- The CDS-Bond Basis, Financial Management, forthcoming
The limit-of-arbitrage story for the difference between CDS and cash-bond implied credit spread.
- Common Risk Factors in the Cross-Section of Corporate Bond Returns, Journal of Financial Economics, 2018
We investigate the cross-sectional determinants of corporate bonds and find that downside risk is the strongest predictor of future bond returns. We also introduce common risk factors based on the prevalent risk characteristics of corporate bonds -- downside risk, credit risk, and liquidity risk -- and find that these novel bond market factors have economically and statistically significant risk premia, which cannot be explained by the long-established stock and bond market factors. We further show that these newly proposed risk factors outperform all other models considered in the literature in explaining the returns of the industry-sorted and size/maturity-sorted portfolios of corporate bonds.
- The Leverage Effect and the Basket-Index Put Spread, Journal of Financial Economics, 2018
A model specifies asset dynamics instead of equity dynamics alone can explain the large spread in prices between put options written on individual banks and options written on the bank index during the financial crisis, even without the government bail-out story. It's important to look at equity and debt together!
- Measuring Liquidity Mismatch in the Banking Sector, Journal of Finance, 2018, 73(1), 51-93.
We propose a novel measure, "Liquidity Mismatch Index (LMI)," to gauge the mismatch between the market liquidity of assets and the funding liquidity of liabilities for the banking sector. LMI can be used for macro-prudential liquidity stress test, and for predicting cross-sectional bank risk. The outperformance of LMI than Basel III's LCR, NSFR results from the time-varying liquidity sensitivity weights which are driven by market prices.
- Have Financial Markets Become More Informative? Journal of Financial Economics, 2016, 122(3), 625-654.
The finance industry has grown, financial markets have become more liquid, information technology has been revolutionized. But have financial market prices become more informative?
- Anchoring Corporate Credit Spreads to Firm Fundamentals, Journal of Financial & Quantitative Analysis, 2016, 51(5), 1521-1543.
This paper examines the capability of firm fundamentals in explaining the cross-sectional variation of CDS spreads.
- On Bounding Credit Event Risk Premia, Review of Financial Studies, 2015, 28(9), 2608-2642.
Reduced form models of default that attribute a large fraction of credit spreads as compensation for credit event risk typically preclude the most plausible economic justification for such risk to be priced, namely, a ``contagious" response of the market portfolio during the credit event.
- Property Rights Gaps and CDS Spreads: When Is There a Strong Transfer Risk from the Sovereigns to the Corporates? Quarterly Journal of Finance, 2017, 7(4), 1750013.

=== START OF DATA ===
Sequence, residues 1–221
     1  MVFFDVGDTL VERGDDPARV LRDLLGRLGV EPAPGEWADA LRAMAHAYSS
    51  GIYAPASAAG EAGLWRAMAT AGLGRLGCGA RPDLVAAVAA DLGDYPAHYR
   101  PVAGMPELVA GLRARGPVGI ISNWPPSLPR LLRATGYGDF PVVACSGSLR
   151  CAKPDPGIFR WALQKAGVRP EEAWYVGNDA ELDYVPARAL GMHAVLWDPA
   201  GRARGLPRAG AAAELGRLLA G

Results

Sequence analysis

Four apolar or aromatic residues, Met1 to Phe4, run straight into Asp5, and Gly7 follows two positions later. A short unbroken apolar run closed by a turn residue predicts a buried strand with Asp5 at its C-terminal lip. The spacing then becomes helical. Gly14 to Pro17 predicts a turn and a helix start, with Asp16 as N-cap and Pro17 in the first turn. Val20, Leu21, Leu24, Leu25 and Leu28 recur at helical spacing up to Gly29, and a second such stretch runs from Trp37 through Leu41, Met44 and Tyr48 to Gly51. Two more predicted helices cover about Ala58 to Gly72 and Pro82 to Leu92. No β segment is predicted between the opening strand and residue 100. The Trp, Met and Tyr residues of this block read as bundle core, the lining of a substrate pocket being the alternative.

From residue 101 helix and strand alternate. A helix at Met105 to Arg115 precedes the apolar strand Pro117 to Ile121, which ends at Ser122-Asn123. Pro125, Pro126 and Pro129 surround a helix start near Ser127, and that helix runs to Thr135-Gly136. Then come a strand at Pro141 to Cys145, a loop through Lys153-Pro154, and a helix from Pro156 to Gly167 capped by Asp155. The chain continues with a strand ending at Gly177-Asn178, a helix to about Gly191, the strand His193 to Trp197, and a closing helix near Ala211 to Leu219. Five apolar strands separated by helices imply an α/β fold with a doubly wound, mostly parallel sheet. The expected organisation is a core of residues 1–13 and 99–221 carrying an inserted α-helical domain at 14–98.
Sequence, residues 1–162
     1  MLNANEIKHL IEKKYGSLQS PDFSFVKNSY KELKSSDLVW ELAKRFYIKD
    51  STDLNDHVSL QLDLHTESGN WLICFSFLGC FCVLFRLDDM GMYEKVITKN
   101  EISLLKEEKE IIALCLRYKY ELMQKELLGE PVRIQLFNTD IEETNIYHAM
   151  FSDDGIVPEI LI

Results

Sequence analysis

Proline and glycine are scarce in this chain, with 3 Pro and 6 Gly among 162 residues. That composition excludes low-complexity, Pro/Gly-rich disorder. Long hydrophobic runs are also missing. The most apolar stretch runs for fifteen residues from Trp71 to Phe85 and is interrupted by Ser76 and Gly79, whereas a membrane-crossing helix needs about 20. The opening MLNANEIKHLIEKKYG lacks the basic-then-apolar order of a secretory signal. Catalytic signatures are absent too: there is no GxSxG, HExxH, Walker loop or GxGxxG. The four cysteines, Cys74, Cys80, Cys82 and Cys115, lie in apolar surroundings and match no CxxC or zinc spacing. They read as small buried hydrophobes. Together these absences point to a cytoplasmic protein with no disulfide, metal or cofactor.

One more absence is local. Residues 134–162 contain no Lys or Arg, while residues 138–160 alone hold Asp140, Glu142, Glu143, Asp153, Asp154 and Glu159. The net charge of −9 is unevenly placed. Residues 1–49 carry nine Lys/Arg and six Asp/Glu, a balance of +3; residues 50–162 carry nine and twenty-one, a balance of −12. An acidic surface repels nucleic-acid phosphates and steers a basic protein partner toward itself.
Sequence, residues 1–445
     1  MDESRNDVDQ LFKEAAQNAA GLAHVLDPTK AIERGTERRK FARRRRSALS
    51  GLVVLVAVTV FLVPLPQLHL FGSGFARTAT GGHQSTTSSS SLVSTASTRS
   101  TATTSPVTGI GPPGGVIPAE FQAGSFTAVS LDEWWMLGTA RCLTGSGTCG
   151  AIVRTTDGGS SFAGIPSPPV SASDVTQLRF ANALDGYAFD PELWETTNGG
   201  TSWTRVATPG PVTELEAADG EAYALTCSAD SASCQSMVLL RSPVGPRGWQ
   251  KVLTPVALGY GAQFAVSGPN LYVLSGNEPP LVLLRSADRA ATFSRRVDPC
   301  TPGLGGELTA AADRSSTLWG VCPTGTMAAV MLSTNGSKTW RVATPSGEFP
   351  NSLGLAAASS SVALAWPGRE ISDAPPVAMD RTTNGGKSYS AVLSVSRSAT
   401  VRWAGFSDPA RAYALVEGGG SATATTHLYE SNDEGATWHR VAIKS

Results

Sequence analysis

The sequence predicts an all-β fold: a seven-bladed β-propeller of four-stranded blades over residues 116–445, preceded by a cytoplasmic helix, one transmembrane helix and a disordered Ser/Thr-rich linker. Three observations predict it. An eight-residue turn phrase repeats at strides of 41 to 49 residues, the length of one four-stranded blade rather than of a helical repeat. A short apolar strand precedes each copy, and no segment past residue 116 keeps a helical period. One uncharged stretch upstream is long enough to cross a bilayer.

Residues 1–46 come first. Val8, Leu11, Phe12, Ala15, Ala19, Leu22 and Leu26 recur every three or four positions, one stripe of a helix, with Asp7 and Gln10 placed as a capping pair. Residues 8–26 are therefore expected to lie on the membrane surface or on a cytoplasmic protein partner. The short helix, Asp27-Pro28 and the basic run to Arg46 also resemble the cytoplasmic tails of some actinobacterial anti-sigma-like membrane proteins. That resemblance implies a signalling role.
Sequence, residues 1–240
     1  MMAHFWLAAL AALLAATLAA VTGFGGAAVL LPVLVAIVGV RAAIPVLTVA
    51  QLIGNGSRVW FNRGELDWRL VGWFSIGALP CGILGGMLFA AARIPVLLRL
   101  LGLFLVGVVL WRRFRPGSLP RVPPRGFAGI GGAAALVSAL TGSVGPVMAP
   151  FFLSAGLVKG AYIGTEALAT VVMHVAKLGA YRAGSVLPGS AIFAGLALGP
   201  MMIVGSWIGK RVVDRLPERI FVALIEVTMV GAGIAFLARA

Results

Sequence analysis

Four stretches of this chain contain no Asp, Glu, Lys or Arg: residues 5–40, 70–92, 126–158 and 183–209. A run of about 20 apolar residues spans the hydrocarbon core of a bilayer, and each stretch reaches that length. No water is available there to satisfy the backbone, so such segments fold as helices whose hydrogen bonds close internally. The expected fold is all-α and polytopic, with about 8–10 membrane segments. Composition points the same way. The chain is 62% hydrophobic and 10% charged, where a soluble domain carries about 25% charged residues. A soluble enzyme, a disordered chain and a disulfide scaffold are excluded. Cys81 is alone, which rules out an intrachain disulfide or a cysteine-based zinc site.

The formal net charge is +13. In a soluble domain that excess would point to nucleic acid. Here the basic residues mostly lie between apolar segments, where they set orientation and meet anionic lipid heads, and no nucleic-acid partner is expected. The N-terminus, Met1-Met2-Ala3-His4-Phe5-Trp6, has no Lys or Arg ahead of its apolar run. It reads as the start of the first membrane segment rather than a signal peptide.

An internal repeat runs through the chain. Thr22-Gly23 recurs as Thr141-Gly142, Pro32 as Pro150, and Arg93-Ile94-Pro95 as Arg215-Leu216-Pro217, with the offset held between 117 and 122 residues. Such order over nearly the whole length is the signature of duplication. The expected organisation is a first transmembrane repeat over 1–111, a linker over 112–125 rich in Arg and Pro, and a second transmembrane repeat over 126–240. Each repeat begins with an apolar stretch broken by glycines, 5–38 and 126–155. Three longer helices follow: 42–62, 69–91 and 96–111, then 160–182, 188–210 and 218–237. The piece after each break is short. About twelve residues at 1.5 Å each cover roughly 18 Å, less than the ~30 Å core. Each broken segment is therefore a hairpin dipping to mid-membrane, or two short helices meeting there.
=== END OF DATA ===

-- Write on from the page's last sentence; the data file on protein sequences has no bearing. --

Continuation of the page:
Strong property rights institutions tend to weaken the sovereign transfer risk, whereas contracting institutions (protection of creditor rights or minority shareholder rights) do not matter.
- State Space Models and MIDAS Regressions, Econometric Reviews, 2013, 32(7), 779-813.
We examine the relationship between MIDAS and Kalman filter state space models applied to mixed frequency data.
- Safe Asset Shortages: Evidence from the European Government Bond Lending Market, (with Reena Aggarwal, and Luc Laeven)
- What Bond Lending Reveals? The Role of Informed Demand in Predicting Credit Spread Changes, August 2018
based informed demand only have predictive power in corporate bonds, but not in its derivative contract CDS. Therefore, the informed demand help explain the CDS-Bond basis, especially in normal times when limits-to-arbitrage constraints unbind.
- Do Distributional Characteristics of Corporate Bonds Predict Their Future Returns? (with Turan Bali and Quan Wen)
- The Microstructure of Chinese Government Bond Market, (with Michael Fleming, and Casidhe Horan)
- `Going Global': Markups and Product Quality in the Chinese Art Market, (with Benjamin Mandel and Jia Guo)
We analyze two reasons for export prices to be different across markets, namely quality differentiation and variable markups, and attempt to parse their relative importance and some of their underlying drivers. To overcome the substantial measurement issues in this task, we consider a particular industry as a special case: Chinese fine art. The simplicity of the supply-side of art vis-a-vis marginal cost and the wealth of data on its quality characteristics makes it possible to separately identify the markup and quality components of international relative prices for Chinese artworks. Through this lens, we trace the process of internationalization of Chinese art since the year 2000 and uncover a rich set of facts. We find strong support for quality sorting into international markets at both the level of artist and artwork, as well as substantial markup differences across destinations. Using a structural model of endogenous quality choice by Feenstra and Romalis (2012), we argue that much of the international quality premium is driven by specific distribution costs (whether physical or informational) rather than destination-specific preferences for quality.
- The New Bank Resolution Regimes and "Too Big To Fail", (with Christian Cabanilla, and Menno Middeldorp, both from the Federal Reserve Bank of New York), Liberty Street Economics, October 2012.
- The Effects of Entering and Exiting a Credit Default Swap Index (with Or Sharchar, Federal Reserve Bank of New York), Liberty Street Economics, 2015